Absorb “hit the mark,” so to speak, with regard to non-inferiority for TLF at 1 year. The premise that Absorb will provide very late benefit (beyond 1 year) compared to XIENCE is tied to the concept that the metal frame causes mechanical vessel restraint, which interferes with pulsatility, and cyclic strain, which are necessary for normal vessel biology and physiology. The metal frame may also cause geometric distortion of the vessel, which alters shear stress and coronary flow velocity, particularly at the margins of the stented segment, which may promote restenosis and/or thrombosis.
The “promise” of Absorb BVS (better very-late outcomes) is yet-to-be proven. ABSORB IV, which is a randomized trial evaluating 5,000 patients followed through 5-years with a 1- and 5-year landmark analysis for TLF, will provide insight into the possible superiority of BVS compared with XIENCE. The incidence of TLF events on a per-year basis following metal platform stents appears to be related to the metal frame itself. If there is no metal frame, then outcomes could be better—that’s the premise.
Beyond emerging stent technology, what other trends in interventional cardiology do you find promising or challenging?
For the interventional cardiologist, the field has grown by leaps and bounds—from cerebrovascular intervention, peripheral vascular intervention, structural heart disease, trans-catheter valve replacement and repair.
I have stepped out of my main area of coronary stent design and development to be in the transcatheter aortic valve replacement space. We have developed a large experience, which includes first-in-man and first-in-the-U.S. experiences with specific transcatheter heart valve technologies. Conversely, I’ve chosen not to do peripheral vascular intervention, cerebrovascular intervention, or to-date, MitraClip®, although I am actively looking at other technologies in the mitral space, because I think that’s going to be a very important space. Others in my group have focused on MitraClip or other areas such as intervention for pulmonary embolus or deep vein thrombosis and endovascular aneurysm repair. My concern is that people who try to “do it all” may end up not being really good at any of it.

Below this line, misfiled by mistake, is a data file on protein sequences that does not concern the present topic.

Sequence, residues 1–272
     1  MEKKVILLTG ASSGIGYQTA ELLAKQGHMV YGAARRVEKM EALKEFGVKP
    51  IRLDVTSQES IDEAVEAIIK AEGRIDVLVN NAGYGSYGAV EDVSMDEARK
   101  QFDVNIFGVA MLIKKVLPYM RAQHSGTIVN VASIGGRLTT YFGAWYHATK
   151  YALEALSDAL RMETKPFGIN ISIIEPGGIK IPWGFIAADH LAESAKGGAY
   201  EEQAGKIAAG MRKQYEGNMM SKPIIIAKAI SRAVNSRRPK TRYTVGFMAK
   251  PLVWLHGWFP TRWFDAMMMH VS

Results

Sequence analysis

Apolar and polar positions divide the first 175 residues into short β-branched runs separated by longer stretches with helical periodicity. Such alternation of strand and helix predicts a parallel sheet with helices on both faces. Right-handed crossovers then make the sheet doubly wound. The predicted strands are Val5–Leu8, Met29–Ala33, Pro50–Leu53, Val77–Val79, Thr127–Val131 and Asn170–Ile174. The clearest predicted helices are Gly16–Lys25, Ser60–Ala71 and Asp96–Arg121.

Finally, whatever the sub-specialty, interventionists have additional challenges, such as working within a hospital system that owns their group. Doctors need to have choices, based on hands-on experience and access to medical literature for devices that cannot be solely differentiated based on cost. Often, the individuals who buy the technology that we use to treat patients are administrators who aren’t familiar with the devices because they haven’t had them in their hands—and they certainly haven’t tried to shove them into an artery. So there has become a disconnect between the practicing physician and the product that they may or may not want to use. Hospitals, at times, make decisions based on a few dollars per device that the physicians would not make.
Overall, these are incredibly exciting times to be an interventional cardiologist. Twenty years ago, I said that an interventional cardiologist within cardiology who tried to be a “jack of all trades” would be a master of none. Practice makes perfect. Volume drives proficiency and efficiency. Now, I’d say the same thing about being an interventionist within the field of interventional cardiology—you need a focused, sub-sub-specialization within interventional cardiology more now than ever before.
Dr. Kereiakes is a fellow of the American College of Cardiology, a fellow of the Society for Cardiac Angiography, and a practicing interventionalist at the Christ Hospital Physicians Ohio Heart & Vascular practice in Cincinnati, OH.
DISCLOSURES: Dr. Kereiakes received no compensation for his participation. This material was sponsored by Boston Scientific Corporation.